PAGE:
Red Sox to sign 'Theriot with better hands' for $8 million?

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While the baseball world awaits word on elite Cuban pitcher Aroldis Chapman’s next move, another prominent player who defected from the island last year has apparently signed.

Michael Silverman of the Boston Herald reports
that 19-year-old shortstop Jose Iglesias has agreed to an $8 million
deal with the Red Sox and “official word is expected later this month.”
Here’s a scouting report on Iglesias from Kiley McDaniel of Baseball Prospectus:

Drawing attention for his flashy glovework at shortstop, with one
scout grading his fielding as an 80 on the 20-80 scouting scale. His
arm is enough to stick at shortstop, but his range is somewhat limited
by his fringe-average speed. Iglesias makes the most of his ability,
with instincts that enhance his tools and excellent makeup. He bats
from the right side and while his overall offensive package leaves a
bit to be desired, most scouts agree Iglesias will hit enough to allow
him to profile as a big league regular.

He has decent pop in his 5-10 frame, at a maxed-out 180 lbs., though
he can get pull-happy at times. An international scouting director
called Iglesias’ total package, “Ryan Theriot with better hands.”
Iglesias is a defensive-oriented overachiever and executives say he
would be more of a 2nd-3rd rounder if eligible for the recent draft.

“Ryan Theriot with better hands” and “a second or third rounder” is
hardly what you’d expect to hear about a teenager who reportedly just
signed for $8 million, and for a similarly low-upside comparison John
Manuel of Baseball America quotes a scout calling him an “Orlando Cabrera clone.”

Mets leaning on Jay Bruce, Neil Walker as Lucas Duda insurance

LOS ANGELES, CALIFORNIA - MAY 12:  Pinch hitter Lucas Duda #21 of the New York Mets walks back to the dugout after striking out for the first out of the ninth inning against Clayton Kershaw #22 of the Los Angeles Dodgers at Dodger Stadium on May 12, 2016 in Los Angeles, California.  The Dodgers won 5-0.  (Photo by Stephen Dunn/Getty Images)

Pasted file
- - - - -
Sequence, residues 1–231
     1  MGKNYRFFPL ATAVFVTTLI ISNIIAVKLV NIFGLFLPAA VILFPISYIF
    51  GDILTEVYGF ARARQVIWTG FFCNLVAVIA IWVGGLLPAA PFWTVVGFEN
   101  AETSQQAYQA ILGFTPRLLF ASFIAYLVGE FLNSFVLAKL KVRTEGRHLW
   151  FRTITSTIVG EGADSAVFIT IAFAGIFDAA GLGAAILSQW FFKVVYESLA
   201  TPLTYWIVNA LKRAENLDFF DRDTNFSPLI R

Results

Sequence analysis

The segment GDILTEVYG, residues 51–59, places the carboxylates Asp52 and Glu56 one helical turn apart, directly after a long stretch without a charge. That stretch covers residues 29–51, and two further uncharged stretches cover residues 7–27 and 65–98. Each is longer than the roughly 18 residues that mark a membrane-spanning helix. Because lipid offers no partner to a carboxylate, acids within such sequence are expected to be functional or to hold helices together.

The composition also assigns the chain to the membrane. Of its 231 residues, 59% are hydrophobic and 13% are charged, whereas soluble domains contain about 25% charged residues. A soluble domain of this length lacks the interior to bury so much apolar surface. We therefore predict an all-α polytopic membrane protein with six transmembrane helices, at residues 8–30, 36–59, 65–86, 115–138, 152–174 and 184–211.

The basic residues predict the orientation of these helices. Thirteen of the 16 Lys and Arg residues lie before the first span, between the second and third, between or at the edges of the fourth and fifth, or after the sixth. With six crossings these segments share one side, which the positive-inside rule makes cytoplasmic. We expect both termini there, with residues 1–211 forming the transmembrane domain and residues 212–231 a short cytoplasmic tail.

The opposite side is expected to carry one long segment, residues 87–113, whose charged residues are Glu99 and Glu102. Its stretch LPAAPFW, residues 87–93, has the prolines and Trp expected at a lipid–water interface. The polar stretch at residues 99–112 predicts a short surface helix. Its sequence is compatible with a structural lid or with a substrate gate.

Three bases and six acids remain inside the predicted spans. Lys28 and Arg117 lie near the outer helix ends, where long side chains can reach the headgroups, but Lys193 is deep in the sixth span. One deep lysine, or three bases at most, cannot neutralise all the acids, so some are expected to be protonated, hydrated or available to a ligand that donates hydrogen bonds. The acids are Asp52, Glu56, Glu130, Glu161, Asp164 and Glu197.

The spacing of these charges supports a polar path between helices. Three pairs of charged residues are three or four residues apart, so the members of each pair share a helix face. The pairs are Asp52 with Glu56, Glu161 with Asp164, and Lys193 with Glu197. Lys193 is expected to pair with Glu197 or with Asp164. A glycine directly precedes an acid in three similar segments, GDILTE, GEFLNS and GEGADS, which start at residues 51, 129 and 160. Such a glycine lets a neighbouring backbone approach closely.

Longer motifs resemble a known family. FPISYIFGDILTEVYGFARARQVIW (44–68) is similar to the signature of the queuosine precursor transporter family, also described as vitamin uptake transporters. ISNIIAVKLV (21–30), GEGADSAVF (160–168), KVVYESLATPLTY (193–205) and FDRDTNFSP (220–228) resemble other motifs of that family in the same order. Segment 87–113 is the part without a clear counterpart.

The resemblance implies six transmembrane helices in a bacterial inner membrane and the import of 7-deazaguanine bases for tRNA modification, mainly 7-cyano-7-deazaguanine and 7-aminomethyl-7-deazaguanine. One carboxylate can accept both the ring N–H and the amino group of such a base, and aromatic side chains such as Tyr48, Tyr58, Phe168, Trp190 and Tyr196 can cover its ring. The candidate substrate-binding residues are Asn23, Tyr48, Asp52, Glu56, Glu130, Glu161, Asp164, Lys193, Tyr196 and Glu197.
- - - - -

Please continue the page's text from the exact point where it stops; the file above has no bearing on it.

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The Mets have begun working outfielder Jay Bruce and second baseman Neil Walker at first base as potential insurance in the event Lucas Duda continues to experience back discomfort, Mike Puma of the New York Post reports. Duda has been sidelined recently due to back spasms and missed all but 47 games last season as a result of a stress fracture in his lower back.

Manager Terry Collins spoke about Bruce’s work at first base on Sunday, saying, “I liked everything I saw today. “It looks like he’s got the athleticism, he’s got the hands, he’s got the arm angle. He made some throws in our drills that you wouldn’t expect an outfielder to be able to make, but yet he does. If that’s where we have to go, I think we’ll be fine.”

Bruce has only three games’ worth of experience at first base at the major league level, but still has high expectations for himself. He said, “I am going to work at it. I want to give myself a chance and the team a chance. I am not going to go over there and be a butcher. It’s just not the way I go about my business on the baseball field and it wouldn’t be fair to the team if I wasn’t capable to do it, so I am going to work at it and we’ll see what happens.”

The Mets made Bruce available via trade over the offseason but didn’t get an offer that whet their appetite. As a result, Michael Conforto appears to be the odd man out in the Mets’ crowded outfield.

Jason Kipnis diagnosed with a strained rotator cuff

CLEVELAND, OH - NOVEMBER 02:  Jason Kipnis #22 of the Cleveland Indians celebrates after scoring a run on a wild pitch thrown by Jon Lester #34 of the Chicago Cubs (not pictured) during the fifth inning in Game Seven of the 2016 World Series at Progressive Field on November 2, 2016 in Cleveland, Ohio.  (Photo by Elsa/Getty Images)
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Indians second baseman Jason Kipnis has been diagnosed with a strained rotator cuff in his right shoulder, MLB.com’s Jordan Bastian reports. Kipnis has received a cortisone shot and will be shut down from throwing for the next four to five days.

There’s a lot of spring left, so it’s perfectly sensible for the Indians to play it safe with their star player. The club already had Kipnis on a shoulder strengthening program.

Kipnis, 29, helped the Indians to the playoffs after batting .275/.343/.469 with 23 home runs, 92 RBI, 91 runs scored, and 15 stolen bases in 688 plate appearances during the regular season last year. He then helped the Indians reach Game 7 of the World Series against the Cubs, where they were eventually stopped, as he provided a .741 OPS including four homers and eight RBI in 15 playoff games.